Kathy, Vera, Fred, Ellen, Tim, Steve, Lana, Leonard

My mom and pop in 2006 in Dallas, Texas.

IMGP9771

My mom and pop at my niece’s wedding in April of 2013.

We had a 90th birthday party and early 70th wedding anniversary party for my parents at the end of April in 2013. We were so happy to have had this celebration as my mom took ill later that summer and never recovered. My mom went to be with her Savior on September 13, 2013 on my parents’ 70th wedding anniversary. Our pop joined our mom in heaven in June of 2018.

Tuesdays With Moisi

Today I’m posting photos from our Mom and Pop’s 60th Wedding Anniversary Celebration we held in our brother Leonard’s backyard in Downey, California. September 13th, 2003.

My parents had just returned from their last long term mission in Russia and moved in with our brother in Downey.

The photo above is of most of their children, grandchildren, and spouses. Some of the grandchildren aren’t in this photo and some aren’t born yet. No great grandchildren have been born as of 2003. Vera and Lana’s husbands aren’t in this photo. Our brother Leonard was not married at this time. Our daughter Katie, sitting on the far left, was the youngest granddaughter at this point. Sitting on the far right is grandson Joseph, who was the youngest grandson.

It was fun to capture the photographers, our cousins and their kids.

Our folks were worn out from their responsibilities in Russia and we were happy to have this time for them to relax and enjoy being served.

In this photo above Moisi is at the head of the table with his sister Anna next to him. Next to Aunt Anna is our Uncle Alex and his wife Aunt Ouiliana. Next to her is her brother Mikhail Samaduroff and then our cousin Alex. Next to Moisi is his oldest brother John and his wife Katie.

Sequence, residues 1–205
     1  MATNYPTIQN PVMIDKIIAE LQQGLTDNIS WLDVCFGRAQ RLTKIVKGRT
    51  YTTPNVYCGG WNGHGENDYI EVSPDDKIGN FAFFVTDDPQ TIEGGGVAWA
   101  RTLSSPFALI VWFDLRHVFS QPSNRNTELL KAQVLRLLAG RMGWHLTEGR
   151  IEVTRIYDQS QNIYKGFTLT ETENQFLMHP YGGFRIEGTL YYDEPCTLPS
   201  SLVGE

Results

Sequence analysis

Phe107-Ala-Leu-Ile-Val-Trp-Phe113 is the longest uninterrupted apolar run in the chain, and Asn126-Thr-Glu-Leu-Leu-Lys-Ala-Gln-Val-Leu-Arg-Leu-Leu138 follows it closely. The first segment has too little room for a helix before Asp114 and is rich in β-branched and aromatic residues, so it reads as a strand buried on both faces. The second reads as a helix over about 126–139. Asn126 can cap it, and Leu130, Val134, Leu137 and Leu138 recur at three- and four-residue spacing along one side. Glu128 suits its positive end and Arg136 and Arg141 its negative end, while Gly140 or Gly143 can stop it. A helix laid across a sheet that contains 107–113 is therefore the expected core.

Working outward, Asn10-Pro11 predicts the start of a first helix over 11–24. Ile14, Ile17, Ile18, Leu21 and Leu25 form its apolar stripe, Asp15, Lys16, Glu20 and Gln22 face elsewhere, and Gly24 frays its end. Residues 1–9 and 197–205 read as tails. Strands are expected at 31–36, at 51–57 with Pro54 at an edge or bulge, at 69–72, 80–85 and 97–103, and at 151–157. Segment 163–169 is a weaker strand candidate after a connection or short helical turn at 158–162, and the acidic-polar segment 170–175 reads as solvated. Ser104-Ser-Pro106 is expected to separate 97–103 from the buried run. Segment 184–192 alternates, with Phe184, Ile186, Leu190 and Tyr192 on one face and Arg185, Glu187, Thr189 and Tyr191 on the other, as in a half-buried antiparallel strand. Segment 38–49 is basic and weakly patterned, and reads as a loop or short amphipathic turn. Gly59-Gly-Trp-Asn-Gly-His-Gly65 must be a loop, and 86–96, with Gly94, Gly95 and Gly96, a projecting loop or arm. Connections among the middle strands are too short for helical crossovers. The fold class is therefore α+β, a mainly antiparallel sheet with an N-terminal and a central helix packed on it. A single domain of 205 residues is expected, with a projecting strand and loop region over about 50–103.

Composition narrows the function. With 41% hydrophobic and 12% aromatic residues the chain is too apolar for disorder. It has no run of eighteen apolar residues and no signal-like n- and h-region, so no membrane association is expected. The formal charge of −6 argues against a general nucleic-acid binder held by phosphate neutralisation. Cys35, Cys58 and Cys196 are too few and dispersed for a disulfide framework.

In this photo our cousin Alex’s wife Vera got in the shot with our sister Kathy’s Mother-in-law Sophie. Our mom is at the head of the table in this shot, too. Today in 2020 our cousin Alex is the only one who is alive in this row.

In this photo next to our Aunt Anna is Mr. Petakoff and his wife Genia, friends of the family.

Our Aunt Anna (and brother Leonard in the background) are the only ones alive today in this photo and Aunt Anna will be celebrating her 95th birthday in April.

Moisi’s sons (my brothers) not in order of birth, Fred, Steve, Leonard and Tim.

Once I scan more photos from this event I’ll add them to this post. Many grandchildren and nieces and nephews were at the party, too.

Grandsons and grand nephews.

Many of Moisi and Nadia’s grandchildren.

My parents lived in our brother’s home until he relocated full time to Dallas, Texas and sold his home in 1996. At that point we found our folks a senior apartment that they moved into in the town of Brea, California.

Tuesdays With Moisi

September 13th, 2003 was our mom and pop’s 60th Wedding Anniversary. My parents had recently returned from their last trip to Russia and moved in with our youngest brother in Downey, California. The dinner celebration was enjoyed in Leonard’s backyard. I am in the process of copying photos from this wonderful celebration to share soon. This is most of the family at the time of this event which even includes our brother Fred’s family. Our son Dan is missing from this photo. No great grandchildren yet.